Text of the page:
The United States has been the global economic powerhouse for decades. It has had a significant lead over other economies, but China is rapidly closing the gap with the US. Even though China’s growth rate has slowed in recent years, economists predict its economy will surpass the US in nominal GDP in the next few years. Emerging economies will overtake other developed nations such as Germany, Japan, France, Italy, and Canada over the next few years. Let’s take a look at the top 10 largest economies by 2050.
Top 10 Largest Economies in the World by Nominal GDP
The dynamics of the world economy are changing rapidly. Some countries will get richer by 2050, while others will find themselves in a financial mess. The world will be a lot different in 2050 than it is now. Accountancy firm PricewaterhouseCoopers (PwC) tried to rank 32 of the world’s largest economies in the year 2050 based on GDP at Purchasing Power Parity (PPP), which reflects a country’s economic productivity and standards of living.
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The report is titled The long view: how will the global economic order change by 2050? Many of the currently leading economies will slip down the rankings. PwC says the world economy will more than double in size by 2050 “due to continued technology-driven productivity improvements.” The firm expects emerging markets to grow twice as fast as advanced economies on average.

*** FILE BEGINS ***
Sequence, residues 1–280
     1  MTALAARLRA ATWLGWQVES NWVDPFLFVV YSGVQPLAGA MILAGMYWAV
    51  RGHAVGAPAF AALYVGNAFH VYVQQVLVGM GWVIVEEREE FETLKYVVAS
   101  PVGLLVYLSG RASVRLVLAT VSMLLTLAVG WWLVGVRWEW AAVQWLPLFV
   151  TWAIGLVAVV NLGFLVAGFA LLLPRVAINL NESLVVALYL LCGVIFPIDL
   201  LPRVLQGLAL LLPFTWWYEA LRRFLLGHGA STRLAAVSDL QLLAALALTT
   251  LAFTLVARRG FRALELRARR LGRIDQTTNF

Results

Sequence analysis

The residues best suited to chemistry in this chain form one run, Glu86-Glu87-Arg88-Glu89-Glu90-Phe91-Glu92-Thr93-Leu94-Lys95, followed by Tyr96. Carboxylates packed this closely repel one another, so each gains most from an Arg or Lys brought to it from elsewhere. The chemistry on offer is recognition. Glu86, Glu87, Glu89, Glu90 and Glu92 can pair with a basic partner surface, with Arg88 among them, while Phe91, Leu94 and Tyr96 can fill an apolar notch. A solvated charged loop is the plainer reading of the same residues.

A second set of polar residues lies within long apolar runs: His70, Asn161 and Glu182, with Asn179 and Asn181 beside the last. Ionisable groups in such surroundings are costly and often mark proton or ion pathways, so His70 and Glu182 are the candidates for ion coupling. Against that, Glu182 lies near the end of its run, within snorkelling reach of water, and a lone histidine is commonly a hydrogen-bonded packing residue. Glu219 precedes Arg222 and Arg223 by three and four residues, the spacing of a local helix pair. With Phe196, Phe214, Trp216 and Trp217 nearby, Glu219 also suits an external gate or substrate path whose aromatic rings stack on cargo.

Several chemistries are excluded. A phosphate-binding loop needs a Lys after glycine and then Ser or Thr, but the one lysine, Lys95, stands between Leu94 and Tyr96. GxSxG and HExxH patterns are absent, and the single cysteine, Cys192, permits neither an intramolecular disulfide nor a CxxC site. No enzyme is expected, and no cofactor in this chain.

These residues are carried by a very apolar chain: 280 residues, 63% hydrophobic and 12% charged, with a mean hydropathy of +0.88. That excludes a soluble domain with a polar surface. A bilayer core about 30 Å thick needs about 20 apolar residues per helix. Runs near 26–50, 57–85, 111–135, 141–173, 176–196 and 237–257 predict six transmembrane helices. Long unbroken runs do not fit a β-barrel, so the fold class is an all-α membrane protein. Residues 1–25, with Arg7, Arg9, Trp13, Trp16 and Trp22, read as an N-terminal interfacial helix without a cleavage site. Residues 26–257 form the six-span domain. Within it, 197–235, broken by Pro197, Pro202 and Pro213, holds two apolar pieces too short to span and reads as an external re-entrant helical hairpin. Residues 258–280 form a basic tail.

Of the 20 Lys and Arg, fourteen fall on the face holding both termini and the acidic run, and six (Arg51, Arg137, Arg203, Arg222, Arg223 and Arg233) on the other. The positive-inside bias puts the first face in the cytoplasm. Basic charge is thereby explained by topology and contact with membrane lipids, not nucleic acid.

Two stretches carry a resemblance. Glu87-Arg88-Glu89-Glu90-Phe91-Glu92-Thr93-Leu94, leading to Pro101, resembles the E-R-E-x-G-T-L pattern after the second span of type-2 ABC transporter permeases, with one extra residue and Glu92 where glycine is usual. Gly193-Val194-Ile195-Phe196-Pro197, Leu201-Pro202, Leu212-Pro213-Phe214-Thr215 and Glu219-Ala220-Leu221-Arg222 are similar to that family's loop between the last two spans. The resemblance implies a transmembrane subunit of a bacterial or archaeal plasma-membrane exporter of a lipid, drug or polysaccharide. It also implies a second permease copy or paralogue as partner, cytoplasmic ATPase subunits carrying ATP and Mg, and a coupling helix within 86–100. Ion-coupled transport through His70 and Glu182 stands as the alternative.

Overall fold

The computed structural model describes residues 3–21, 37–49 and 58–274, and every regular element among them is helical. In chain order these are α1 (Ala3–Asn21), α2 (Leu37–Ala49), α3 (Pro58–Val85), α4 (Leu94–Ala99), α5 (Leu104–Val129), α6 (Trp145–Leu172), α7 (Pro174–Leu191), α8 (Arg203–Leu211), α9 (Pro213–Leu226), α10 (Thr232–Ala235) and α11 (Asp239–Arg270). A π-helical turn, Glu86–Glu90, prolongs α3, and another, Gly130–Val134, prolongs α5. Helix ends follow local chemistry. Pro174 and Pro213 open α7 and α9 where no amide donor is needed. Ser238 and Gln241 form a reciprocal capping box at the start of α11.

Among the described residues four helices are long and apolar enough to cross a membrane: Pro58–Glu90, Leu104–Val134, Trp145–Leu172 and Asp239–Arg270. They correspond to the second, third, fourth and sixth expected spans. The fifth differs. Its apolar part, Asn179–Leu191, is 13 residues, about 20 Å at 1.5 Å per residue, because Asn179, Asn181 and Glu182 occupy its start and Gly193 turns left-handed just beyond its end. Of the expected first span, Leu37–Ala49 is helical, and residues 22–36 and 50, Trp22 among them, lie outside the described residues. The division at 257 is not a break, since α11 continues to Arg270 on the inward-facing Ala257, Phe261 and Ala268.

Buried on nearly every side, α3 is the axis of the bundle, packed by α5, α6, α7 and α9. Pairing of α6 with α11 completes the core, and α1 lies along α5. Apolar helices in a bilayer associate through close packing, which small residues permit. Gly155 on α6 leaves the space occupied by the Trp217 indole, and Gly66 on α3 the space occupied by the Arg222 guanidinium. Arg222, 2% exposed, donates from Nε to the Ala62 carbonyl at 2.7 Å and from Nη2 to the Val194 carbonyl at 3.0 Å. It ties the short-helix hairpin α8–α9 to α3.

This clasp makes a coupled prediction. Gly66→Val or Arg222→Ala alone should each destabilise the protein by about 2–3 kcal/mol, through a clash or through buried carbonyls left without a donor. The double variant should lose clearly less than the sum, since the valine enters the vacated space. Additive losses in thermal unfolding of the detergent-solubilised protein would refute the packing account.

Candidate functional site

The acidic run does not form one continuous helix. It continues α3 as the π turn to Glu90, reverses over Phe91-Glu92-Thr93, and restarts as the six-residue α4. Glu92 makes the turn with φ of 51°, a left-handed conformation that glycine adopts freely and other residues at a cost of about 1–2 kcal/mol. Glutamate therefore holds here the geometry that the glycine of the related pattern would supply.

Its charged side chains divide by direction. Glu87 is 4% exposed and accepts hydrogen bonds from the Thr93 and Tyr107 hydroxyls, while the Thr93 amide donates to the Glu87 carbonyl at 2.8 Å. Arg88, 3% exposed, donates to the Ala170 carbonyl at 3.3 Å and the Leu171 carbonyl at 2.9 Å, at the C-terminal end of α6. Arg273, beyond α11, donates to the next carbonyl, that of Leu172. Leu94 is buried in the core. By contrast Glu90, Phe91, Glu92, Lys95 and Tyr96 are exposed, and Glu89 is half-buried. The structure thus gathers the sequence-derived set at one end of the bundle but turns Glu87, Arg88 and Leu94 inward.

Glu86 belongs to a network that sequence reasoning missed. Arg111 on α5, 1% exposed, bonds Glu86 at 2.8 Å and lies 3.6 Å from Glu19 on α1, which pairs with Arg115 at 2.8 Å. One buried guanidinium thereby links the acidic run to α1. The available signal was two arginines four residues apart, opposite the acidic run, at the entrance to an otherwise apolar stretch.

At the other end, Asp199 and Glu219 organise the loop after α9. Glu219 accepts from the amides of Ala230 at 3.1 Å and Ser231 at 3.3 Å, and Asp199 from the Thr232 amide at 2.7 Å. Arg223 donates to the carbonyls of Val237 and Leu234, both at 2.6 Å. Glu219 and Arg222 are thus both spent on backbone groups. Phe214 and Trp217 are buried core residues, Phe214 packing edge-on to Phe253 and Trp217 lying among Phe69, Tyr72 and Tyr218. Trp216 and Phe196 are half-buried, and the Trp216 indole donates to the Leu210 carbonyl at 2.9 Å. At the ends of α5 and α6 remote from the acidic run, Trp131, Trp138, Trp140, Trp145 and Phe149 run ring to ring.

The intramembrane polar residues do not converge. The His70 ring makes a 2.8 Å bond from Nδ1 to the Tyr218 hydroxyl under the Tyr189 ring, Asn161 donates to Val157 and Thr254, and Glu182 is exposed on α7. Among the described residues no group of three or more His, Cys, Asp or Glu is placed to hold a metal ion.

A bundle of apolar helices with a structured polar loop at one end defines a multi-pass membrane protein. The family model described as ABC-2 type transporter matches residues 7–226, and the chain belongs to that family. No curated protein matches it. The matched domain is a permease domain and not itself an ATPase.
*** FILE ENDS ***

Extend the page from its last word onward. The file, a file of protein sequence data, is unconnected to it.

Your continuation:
10- United Kingdom ($5.369 trillion)
The UK is currently the world’s fifth-largest economy in the world, but it will slip down to 10th place in the next 32 years. It will still be doing much better than France, which is estimated to slip down to 12th place. The PwC expects Brexit to affect the UK economy in the short-term but remains bullish over the long run, thanks to its steady economic growth and growing working residents.
9- Germany ($6.138 trillion)
Currently, Germany is the fourth-largest economy only behind the US, China, and Japan. It will slip down to 9th place as emerging countries such as India, Indonesia, and Brazil overtake it. The country’s economic growth is expected to slow down in the coming decades as the working-age population declines. The massive influx of immigrants in the last few years is not going to help much.